Wag more, bark less  A good leader should have a pleasant demeanor and welcome meeting new people. Keep wagging your tail as you sniff out a new friend and everyone benefits. A good leader doesn’t dominate the conversation with a lot of barking. In fact, a good leader often doesn’t have to do a lot of barking – if you’ve watched Caesar Milan on The Dog Whisperer, you know that a subtle nip is all that a good leader needs to keep everyone’s tail wagging.
Some bone need to be chewed thoroughly Have you ever seen a dog leave a bone when it still has meat on it? Neither have I. Dogs will relentlessly work a bone until the job is completed.

 

In Forest ParkWe all wish we could be the person our dog thinks we are. Your SLA leadership team is the same way – we want to do right by our members. We put high expectations on ourselves and try hard to do good things, but we need your feedback – a kind word, a pat on the head – to keep us on the right trail and make for a doggone good pack.

Creative solutions in libraries

How can you do more with less in these turbulent times? Isn’t that one of the key questions of the day? How do we keep up with an expanding body of information with less time and resources? In my travels and discussions with members, I keep coming face to face with a refreshing spirit of innovation and creativity.  

For example, in Los Angeles last week at the SLA So Cal meeting at the University of Southern California, the speakers offered up some creative solutions to dealing with resource restrictions. A couple ideas struck me as insightful, regardless of the economy, and I thought I’d share them with you. 

In one example, Library Manager Sue Brewsaugh and her team at the Boeing Company have developed customized web pages to help groups leverage internal expertise. The customized web pages present information resources on a particular topic to bridge the gap between knowledge management and library resources. They provide integrated connections to external and internal technical material. Security levels are built in. The result has been popular with users. 

A second tool the Boeing Library developed is a searchable expert’s collection. The collection brings together, in one place, all the work of individual Boeing engineers in an updatable bibliography and expert’s database.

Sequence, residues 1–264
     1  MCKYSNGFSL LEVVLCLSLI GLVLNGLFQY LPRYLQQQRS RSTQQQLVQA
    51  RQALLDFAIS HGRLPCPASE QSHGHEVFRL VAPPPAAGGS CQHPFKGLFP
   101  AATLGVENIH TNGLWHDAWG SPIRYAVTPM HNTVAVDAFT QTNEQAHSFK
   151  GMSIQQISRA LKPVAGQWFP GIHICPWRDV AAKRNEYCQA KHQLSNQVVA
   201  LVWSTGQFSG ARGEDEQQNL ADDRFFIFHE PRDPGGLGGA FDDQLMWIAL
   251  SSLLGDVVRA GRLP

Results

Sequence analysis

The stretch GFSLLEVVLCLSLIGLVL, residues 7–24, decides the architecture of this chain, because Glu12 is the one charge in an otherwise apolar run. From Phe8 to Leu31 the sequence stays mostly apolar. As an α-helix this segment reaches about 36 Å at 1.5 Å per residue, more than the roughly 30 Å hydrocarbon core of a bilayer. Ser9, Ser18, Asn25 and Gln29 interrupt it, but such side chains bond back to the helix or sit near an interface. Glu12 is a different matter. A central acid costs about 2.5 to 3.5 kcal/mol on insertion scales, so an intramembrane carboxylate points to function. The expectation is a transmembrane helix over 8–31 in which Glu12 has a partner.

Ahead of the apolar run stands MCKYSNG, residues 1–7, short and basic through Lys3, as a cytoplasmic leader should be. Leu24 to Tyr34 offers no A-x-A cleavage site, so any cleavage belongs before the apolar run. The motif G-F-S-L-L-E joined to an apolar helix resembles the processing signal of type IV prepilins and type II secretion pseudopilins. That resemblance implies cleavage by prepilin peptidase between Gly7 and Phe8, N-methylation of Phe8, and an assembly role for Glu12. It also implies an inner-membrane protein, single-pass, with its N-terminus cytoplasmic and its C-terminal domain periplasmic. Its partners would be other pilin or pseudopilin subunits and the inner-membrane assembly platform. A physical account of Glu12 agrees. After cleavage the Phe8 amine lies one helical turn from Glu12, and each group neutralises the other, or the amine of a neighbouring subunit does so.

Another creative solution was presented by Doris Helfer, Chair, Technical Services at California State University, Northridge. At CSU, students are charged a Campus Quality Fee that was instituted in lieu of various small user fees (i.e., lab fees). CSU asks the students to vote on how they’d like to see the money spent by way of campus improvements.  

The CSU Northridge Library has successfully received funding for new computers in the computer lab, a new laptop lounge with new furniture, 24/7 access to the library during finals, MyILibrary (from Coutts) which is a patron-driven model of e-book selection, and they just received funding, for next year, for a pilot project to have text books on reserve in the library and to continue 24/7 access to the library during finals. For more information feel free to contact Doris at dorishelfer@ gmail.com 

I’m impressed with how collaborative these solutions are, and I think they can serve as a model for others. The key is to share our successes with others and cross-pollinate good ideas across our membership. 

So let me ask you this: What creative solutions have you implemented against a challenging budget?

 cindy dot romaine at romainiacs dot com

Find Cindy @

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Cindy is entrepreneurial, a strategic thinker, and innovative. She feels that positioning ourselves to be (and I’m grabbing the tag line from the Comcast ad) FUTURE READY is vital to our success.

Five minutes

Cindy-mercial: Given five minutes (more or less) to introduce myself to my colleages,  I went with an infomercial theme.